To address this difficulty for the IRS, the Bipartisan Budget Act of 2015 provided that where a fund (whether organized in the U.S. or an offshore fund with U.S. investors) is audited for a tax year beginning after 2017 and it is determined that additional taxes are owed by the investors, the IRS may generally collect those taxes directly from the fund. The law also gives the "partnership representative" designated by the fund extremely broad authority to bind the fund and the investors in connection with the audit, with limited obligations to consult with or even notify the investors.
Why is this change significant for tax-exempt investors? Because once even a dollar of tax is collected from the fund itself as opposed to its investors, the economic burden of that tax, like that of any other expense of the fund, will be borne by all of those who are partners in the fund (including tax-exempt investors) in the year the audit is completed and the tax is paid, unless the fund's governing documents say otherwise.
Worse still, unless otherwise addressed in the documents, the fund may allocate tax audit liability across its current investors rather than only those who were investors in the prior year under audit. This might arise, for example, in a hedge fund where investors come and go over time. Naturally this compounds the risk for tax-exempt investors — they may be liable not only for the current taxable investors' tax but also for the tax of former taxable investors who have since left the fund.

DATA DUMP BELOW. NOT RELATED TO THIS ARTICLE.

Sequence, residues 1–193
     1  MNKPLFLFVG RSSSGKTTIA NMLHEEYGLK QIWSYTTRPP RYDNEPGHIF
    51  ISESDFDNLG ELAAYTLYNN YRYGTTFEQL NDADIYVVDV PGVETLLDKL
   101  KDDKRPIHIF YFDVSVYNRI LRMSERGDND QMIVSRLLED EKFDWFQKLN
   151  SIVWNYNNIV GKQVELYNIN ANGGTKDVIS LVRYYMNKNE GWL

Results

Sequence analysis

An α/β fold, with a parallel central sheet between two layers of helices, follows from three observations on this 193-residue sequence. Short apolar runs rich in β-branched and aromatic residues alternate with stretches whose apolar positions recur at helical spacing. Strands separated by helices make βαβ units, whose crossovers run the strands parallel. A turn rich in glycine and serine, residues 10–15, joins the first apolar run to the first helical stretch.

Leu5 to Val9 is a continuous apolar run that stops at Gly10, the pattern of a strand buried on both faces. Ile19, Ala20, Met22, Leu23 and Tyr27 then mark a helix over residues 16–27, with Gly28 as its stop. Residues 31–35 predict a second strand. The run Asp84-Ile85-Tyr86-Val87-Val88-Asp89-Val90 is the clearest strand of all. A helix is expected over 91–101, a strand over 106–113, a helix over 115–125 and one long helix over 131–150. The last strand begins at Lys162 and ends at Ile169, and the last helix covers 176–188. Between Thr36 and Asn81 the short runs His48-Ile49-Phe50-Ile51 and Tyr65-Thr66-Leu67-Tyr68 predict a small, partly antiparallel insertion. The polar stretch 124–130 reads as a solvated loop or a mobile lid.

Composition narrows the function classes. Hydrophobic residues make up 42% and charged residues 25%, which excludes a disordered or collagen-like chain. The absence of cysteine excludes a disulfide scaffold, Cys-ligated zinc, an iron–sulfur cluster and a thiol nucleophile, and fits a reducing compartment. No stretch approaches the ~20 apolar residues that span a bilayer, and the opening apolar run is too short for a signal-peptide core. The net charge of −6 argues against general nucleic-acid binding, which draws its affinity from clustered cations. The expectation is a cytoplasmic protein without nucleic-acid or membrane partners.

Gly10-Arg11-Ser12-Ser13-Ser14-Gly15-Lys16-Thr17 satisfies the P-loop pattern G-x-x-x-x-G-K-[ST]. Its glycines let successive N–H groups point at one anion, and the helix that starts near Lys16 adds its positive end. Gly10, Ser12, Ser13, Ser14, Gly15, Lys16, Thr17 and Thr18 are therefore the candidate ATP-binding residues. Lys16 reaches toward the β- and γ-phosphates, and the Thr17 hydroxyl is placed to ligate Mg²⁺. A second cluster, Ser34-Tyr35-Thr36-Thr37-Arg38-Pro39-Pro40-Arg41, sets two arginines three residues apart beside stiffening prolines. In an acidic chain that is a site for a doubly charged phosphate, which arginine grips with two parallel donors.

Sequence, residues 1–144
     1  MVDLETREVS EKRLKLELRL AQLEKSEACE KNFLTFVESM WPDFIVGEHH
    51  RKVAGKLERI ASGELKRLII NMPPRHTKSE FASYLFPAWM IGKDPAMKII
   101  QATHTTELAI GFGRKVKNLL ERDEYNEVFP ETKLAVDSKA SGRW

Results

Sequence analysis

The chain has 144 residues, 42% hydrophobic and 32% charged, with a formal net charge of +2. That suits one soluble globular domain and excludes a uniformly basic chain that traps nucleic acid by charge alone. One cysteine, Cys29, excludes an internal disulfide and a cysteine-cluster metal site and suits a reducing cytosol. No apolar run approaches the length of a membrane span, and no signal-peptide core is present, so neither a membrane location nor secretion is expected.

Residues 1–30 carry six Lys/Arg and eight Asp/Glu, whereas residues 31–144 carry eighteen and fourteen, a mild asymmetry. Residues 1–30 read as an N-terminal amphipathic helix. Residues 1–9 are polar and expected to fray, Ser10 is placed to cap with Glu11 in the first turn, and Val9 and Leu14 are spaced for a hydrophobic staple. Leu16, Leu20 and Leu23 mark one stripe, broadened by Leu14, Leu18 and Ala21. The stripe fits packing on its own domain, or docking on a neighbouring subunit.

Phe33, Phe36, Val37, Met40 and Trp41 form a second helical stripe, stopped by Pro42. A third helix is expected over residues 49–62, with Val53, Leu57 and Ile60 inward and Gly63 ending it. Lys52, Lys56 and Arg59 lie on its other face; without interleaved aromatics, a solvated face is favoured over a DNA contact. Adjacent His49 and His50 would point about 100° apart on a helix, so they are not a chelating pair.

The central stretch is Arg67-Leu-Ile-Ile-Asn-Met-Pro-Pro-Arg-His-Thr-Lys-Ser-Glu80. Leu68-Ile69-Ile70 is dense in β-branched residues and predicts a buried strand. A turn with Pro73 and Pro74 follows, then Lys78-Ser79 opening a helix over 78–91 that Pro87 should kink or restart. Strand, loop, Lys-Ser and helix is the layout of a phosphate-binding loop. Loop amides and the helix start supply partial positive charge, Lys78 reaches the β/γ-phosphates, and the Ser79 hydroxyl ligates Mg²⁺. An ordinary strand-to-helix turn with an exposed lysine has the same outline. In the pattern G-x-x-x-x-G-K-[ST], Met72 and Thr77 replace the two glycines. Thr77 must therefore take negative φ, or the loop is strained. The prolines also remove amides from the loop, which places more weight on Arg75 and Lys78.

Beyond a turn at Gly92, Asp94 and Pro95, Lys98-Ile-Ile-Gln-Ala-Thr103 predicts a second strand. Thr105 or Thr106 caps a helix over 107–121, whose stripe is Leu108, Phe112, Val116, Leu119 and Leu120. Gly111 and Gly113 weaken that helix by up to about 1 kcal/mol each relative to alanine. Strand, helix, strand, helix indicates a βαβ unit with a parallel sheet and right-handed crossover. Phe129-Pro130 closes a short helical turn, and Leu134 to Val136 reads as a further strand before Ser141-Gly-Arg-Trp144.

And if the fund cannot obtain reimbursement from a current or former taxable partner of the partner's share of a tax audit adjustment because, for example, the partner is bankrupt or cannot be located, absent a prohibition in the fund's contract, the fund typically can "socialize" the liability among the other taxable and tax-exempt partners.
For these reasons, unless one or more of the possible solutions described below are employed, the new partnership audit rules seem inherently unfair to investors who are exempted from most taxes due to their public-interest missions. In addition, they are inconsistent with the traditional concept that an investor's liability to the fund is limited to its capital account and may well be applied in a manner that is inconsistent with the institutions' fiduciary duties.
This puts the tax-exempt investor and its counsel in the uncertain position of having to quantify, in advance, the magnitude of its potential future tax liability. To date, most counsel to the funds' general partners appreciate the risk this creates for tax-exempts but do not wish to add language to the fund documents that would reduce or limit the GP's options to make and recover tax payments in the event the fund is ever audited and underpayments are determined. Indeed, it is currently the market standard for funds to have no duty even to inform investors of a tax audit or to allow tax-exempt or other investors to be heard.